We both slept very well last night, the place was so peaceful and quiet. When I got up I made a cup of coffee in the kitchen and we drank it as I copied out today's route. We were heading for the town of Therouanne, only a fairly short hop of 12 km. Because it was an easy day we didn't rush to get away and had a leisurely breakfast in the guest house kitchen with the rest of the guests. Sister Lucy was there to ply us with toast and coffee, she chatted away with the others in their limited English to keep us involved on the conversation. Their English was much better than our French. After breakfast Sister Lucy wanted a photograph taken with us and I got one of the women to take some with my camera. It had been a wonderful stay and everyone had been so friendly and helpful.


It was 9:30am when we eventually got going. The weather was a big change from yesterday, there were lots of blue patches in the sky and it was much warmer. It was another day on tar roads, all minor and not any traffic to worry about. Today it went through three little villages not spaced far apart, Wizernes, Helfaut, and Inghem. The countryside was open as the roads made their way through more farmlands where the crops had been gathered in. A few ups had us breathing heavily but mostly we were able to stride out on long flat sections. The views were good and the mainly flat aspect allowed us to see for some distance.

After 2 hours we reached Inghem and it was time for a break. There was a convenient bus shelter where we were able to sit down and make a cup of coffee on the cooker. Once on the go again it was only an hour's walking to the finish for the day in Therouanne. We were staying at a 'gite' or pilgrim's hostel in the town. The owners of a local B&B had built it a few years ago and it had 6 beds. It was on the main street near the town centre and we found it easily enough but it was locked and we were required to contact the owners at their B&B. That was more difficult to find and one passer-by who I asked for directions wasn't any help. We decided to go to a bar we passed earlier and enquire there but on the way I found the road by accident; it was called the Rue du Moulin or Mill St and there was a water mill on the River Lys that we crossed on the way to the bar. There we saw Alain Millamon who gave us the code for the electronic lock on the gite door and supplied us with some milk for coffee.


The gite was luxury. It was spotless and had a fully equipped kitchen. The room we were in had three single beds where we dumped our bags. We decided to go out and have lunch at one of the bars we had passed at the entrance to town. When we got there two were closed and the third was just a pub and didn't do food. They told us that everything closed on a Sunday at mid-day. So the supermarket was closed as well. Fortunately Moira had some pasta in her bag with tomato purée, so that was going to have to do for dinner. When we returned to the gite we had bread and cheese for lunch and decided to have dinner at our normal time. After showering in lovely hot water in luxury tiled bathrooms, Moira washed our sweaty t-shirts and socks. It was the first opportunity to get things dried. There was a washing line outside and it was still sunny and warm.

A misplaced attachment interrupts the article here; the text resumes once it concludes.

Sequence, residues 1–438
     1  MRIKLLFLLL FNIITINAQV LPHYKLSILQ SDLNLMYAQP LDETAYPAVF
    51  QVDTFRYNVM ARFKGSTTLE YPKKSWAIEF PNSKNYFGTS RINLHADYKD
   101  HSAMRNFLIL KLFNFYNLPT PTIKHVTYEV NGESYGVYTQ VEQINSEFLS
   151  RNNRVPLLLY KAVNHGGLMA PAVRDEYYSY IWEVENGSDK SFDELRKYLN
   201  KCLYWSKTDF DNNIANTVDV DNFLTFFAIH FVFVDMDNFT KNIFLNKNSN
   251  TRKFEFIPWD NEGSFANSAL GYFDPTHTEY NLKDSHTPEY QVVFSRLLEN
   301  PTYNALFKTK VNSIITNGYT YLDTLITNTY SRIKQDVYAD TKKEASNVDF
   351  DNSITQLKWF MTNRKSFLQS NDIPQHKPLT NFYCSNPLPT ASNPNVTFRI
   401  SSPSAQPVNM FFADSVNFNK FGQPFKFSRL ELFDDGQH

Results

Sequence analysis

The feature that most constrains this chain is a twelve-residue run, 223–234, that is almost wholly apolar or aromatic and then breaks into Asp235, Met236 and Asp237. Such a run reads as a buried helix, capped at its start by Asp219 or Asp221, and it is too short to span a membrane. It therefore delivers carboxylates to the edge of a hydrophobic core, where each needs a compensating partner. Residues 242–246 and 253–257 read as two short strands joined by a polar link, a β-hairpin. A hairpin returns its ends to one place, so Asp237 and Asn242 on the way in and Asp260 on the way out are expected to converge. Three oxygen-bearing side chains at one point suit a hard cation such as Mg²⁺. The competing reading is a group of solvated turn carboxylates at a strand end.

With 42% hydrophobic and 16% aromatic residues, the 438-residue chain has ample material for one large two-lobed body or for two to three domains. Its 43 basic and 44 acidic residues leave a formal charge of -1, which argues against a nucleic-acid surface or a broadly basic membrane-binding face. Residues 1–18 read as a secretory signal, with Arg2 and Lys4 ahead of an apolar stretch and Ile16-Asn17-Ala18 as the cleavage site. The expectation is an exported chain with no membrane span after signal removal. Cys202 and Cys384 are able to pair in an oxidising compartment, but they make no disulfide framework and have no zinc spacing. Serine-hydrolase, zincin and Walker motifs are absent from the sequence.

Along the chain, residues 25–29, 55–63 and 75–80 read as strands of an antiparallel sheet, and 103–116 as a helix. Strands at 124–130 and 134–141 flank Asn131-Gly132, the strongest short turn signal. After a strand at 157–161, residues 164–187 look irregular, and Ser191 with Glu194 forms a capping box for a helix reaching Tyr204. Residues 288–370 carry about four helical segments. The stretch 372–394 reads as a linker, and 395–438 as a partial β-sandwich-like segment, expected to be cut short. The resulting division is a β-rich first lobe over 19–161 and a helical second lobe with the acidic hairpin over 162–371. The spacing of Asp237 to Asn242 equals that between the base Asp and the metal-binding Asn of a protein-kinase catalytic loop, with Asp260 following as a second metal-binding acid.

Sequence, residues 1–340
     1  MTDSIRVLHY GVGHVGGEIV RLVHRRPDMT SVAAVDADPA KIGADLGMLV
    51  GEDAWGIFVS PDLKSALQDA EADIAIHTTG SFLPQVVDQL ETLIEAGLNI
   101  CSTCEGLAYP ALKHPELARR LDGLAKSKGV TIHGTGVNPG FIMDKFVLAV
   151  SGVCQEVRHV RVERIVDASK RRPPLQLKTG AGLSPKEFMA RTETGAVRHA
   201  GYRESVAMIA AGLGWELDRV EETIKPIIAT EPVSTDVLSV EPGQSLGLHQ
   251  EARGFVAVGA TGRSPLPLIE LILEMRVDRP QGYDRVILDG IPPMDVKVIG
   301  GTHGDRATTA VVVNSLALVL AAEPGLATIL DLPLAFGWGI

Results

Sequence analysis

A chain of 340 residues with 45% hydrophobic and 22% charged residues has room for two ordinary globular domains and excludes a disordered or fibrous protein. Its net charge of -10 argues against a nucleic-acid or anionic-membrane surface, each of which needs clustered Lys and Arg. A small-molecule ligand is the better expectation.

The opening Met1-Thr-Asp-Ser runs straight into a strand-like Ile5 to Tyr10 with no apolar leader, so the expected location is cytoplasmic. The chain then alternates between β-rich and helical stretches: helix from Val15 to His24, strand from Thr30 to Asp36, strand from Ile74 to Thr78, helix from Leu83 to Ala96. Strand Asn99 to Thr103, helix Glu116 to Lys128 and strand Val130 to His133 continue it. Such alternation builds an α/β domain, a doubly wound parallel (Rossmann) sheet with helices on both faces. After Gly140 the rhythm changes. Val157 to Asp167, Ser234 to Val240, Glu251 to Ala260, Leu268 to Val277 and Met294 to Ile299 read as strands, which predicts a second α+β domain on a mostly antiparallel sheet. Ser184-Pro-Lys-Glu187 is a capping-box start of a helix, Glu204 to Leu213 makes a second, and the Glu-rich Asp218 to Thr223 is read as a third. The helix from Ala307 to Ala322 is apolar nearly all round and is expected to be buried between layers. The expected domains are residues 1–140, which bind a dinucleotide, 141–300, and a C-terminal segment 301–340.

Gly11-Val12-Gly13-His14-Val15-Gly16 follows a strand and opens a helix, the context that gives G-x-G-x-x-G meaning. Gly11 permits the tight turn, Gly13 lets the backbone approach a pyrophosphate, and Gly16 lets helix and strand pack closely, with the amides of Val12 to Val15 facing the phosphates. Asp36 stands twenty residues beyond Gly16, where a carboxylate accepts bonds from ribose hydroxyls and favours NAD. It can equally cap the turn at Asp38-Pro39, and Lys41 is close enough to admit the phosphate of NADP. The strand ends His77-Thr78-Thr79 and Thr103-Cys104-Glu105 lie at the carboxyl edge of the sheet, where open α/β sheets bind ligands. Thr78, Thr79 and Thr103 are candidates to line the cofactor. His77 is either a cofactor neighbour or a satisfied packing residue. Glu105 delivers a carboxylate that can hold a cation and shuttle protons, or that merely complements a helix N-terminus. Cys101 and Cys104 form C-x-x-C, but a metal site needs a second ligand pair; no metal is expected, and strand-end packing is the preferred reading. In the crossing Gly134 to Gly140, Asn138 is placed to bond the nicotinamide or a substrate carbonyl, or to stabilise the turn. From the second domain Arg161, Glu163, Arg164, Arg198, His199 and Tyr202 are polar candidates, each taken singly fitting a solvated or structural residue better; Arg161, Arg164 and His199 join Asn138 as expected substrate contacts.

Alian and his wife Patricia came round later to see how we were doing. He said there was a bar/restaurant at the far end of town that opened in the evening and there were bikes in the garage we could use if it was too far to walk. He stamped our credentials and put a pin in a map of the world, he had on the wall, near Glasgow. He had pins for all the visitors to the gite s nice opening a year ago and there were from all over the world; mostly from Europe but a few from the States and Australia and even one person from Cape Town. They told us there was some tinned food and wine in the cupboard with prices, if we wanted anything and to put the money in the 'honesty' piggy bank. Accommodation at the gite cost us €40.


We decided to just stay in and eat. Moira made the pasta and added a tin of tuna that was in the cupboard. We also bought a bottle of their red wine to wash down our meal. There was a radio and I managed to tune into BBC Radio4 on the long wave, so we got up to date with the news. Even though it had been a short day's walk we were both very tired and went to bed early. Moira lay reading for some time but I was soon off to sleep.